Jurisdictions are continuously challenged by the increasing demand across the state for qualified contractors and the need for internal project management for this level of infrastructure investment. As a result, Montgomery County did not meet its 20% retrofit requirement and Prince George’s County is experimenting with a new tool, a large public-private partnership (P3) to meet its permit. These two counties, as well as several other jurisdictions (Anne Arundel County, Baltimore City, Baltimore County, Charles County, and Howard County), maintain robust WQPCs despite policy reversals in the General Assembly. Counties without any or insufficient dedicated local funding, such as Carroll County, Harford County, or Frederick County) are even further off track in meeting the 20% retrofit requirement.

Lessons learned from these past two rounds of permits led the Maryland stormwater community to prioritize the following principles. We recommend embedding these into the upcoming statewide template and into individual Phase I permits as developed over the next two years:

  • Prioritize durability o Uncertainty, such as budget fluctuations and climate change impacts, requires durable solutions to manage stormwater impacts over time. ESD and other forms of green infrastructure, such as tree plantings, grade contouring, and sustainable wet-pond retrofits that mimic natural wetlands, provide long-lasting solutions. These solutions mimic nature and use their own natural growth processes to adapt to changing conditions over time. Hard, engineered surfaces and treatments (e.g., street sweeping) intended to reduce pollutant loads can never be self-sustaining or adaptive, as they will always require continued capital inputs and maintenance. o Projects must also be legally durable, with instruments such as easements used to ensure that new infrastructure will remain in place for as long as it is designed to do so.
  • Restore both local waterways and the Chesapeake Bay o The challenge of meeting Chesapeake Bay Total Maximum Daily Load (TMDL) 2025 deadlines is immense, and continues to be a substantial driver of stormwater policy (rightfully so, as stormwater is the only growing pollution threat to the Chesapeake Bay). However, many jurisdictions lack local TMDLs for small streams, allowing jurisdictions to use equivalent-acre practices that benefit the Bay (i.e., septic system pumpouts) but don’t protect local waterways. Similarly, many jurisdictions do not use any local prioritizing or targeting in determining where to place their stormwater retrofits, providing benefit for the Bay but not strategically restoring local streams. Conversely, the impervious acreage standard is not quantitatively tied to the Wasteload Allocations (WLAs) required to actually meet the Bay TMDL. Treating impervious acreage alone is 4 an output, not an outcome, standard that does not provide substantial assurance of Bay restoration on a reasonable time frame. o Our metrics proposal (Section 2 of this document) addresses the need to simultaneously focus on local waterways and the Bay.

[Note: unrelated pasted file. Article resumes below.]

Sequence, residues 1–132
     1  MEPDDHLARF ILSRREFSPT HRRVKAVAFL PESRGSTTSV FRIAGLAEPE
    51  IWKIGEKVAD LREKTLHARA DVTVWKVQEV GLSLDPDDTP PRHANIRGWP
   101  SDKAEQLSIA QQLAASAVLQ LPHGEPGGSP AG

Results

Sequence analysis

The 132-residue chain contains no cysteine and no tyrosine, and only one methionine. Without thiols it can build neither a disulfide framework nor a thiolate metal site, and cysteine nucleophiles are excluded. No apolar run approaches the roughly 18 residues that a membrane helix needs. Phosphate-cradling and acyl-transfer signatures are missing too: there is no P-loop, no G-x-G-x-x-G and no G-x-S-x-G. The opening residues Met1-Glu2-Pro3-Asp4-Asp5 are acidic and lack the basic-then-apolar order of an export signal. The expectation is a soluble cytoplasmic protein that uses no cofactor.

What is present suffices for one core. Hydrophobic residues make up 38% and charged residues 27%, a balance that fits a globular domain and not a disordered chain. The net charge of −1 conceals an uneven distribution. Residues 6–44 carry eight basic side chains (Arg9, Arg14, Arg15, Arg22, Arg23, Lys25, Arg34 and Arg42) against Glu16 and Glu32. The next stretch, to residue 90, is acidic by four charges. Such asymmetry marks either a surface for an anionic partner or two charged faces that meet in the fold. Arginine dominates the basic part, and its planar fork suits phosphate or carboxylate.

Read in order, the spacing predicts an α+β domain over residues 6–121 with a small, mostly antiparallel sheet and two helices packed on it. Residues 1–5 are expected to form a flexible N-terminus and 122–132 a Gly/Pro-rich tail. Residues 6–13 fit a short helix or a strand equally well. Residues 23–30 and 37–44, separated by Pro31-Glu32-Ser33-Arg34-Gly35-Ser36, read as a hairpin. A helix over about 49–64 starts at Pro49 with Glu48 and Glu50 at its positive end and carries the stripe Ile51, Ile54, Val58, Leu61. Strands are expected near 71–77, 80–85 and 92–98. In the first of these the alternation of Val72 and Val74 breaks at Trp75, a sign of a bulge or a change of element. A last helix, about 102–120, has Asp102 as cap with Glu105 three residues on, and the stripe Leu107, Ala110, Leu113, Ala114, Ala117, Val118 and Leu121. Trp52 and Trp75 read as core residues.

• Reduce stormwater volume o The increased energy and velocity of stormwater over impervious surfaces may not be the ultimate cause of the pollutants that affect the Bay (primarily N, P, and TSS), but the volume of stormwater is certainly the vehicle for and the proximate cause of much of this pollution. Practices that promote stormwater on-site retention and infiltration, not just detention, best reduce volume impacts further downstream.
  • Use a treatment-train approach o As stormwater moves downhill, it gathers energy. Treating it as high up in the watershed as possible first, means that there will be less pressure further down the system during storm events. This can also contribute to restoring natural groundwater regimes disrupted by development, by allowing water to naturally filter into the ground throughout the watershed. A successful treatment-train approach requires MS4 permits to incentivize projects on privately-owned land, and perhaps even above the pavement itself (i.e., granting credit for spongy turf and native landscaping practices). Similarly, this principle implies that stream restoration should be closely coupled with a watershed-wide strategy that seeks to restore baseflow to the stream (and modulate peak flows, which could be harmful to the desired stability of the restoration itself). Finally, addressing pollutants farther upstream in the watershed often increases pollution reduction credits at the final downstream location (e.g., the Bay).
  • Incentivize innovation o Innovative jurisdictions, such as Montgomery and Prince George’s Counties, attempting new engineering practices (such as committing to very high levels of green infrastructure) or new business models (such as P3) should be supported and incentivized to continue testing these ideas for the benefit of other jurisdictions. With risk comes the possibility of failure. The MS4 permit template should include an incentive rubric that enables jurisdictions to reap the benefits of innovation: for example, bonus credit given for achieving gains above and beyond the minimum.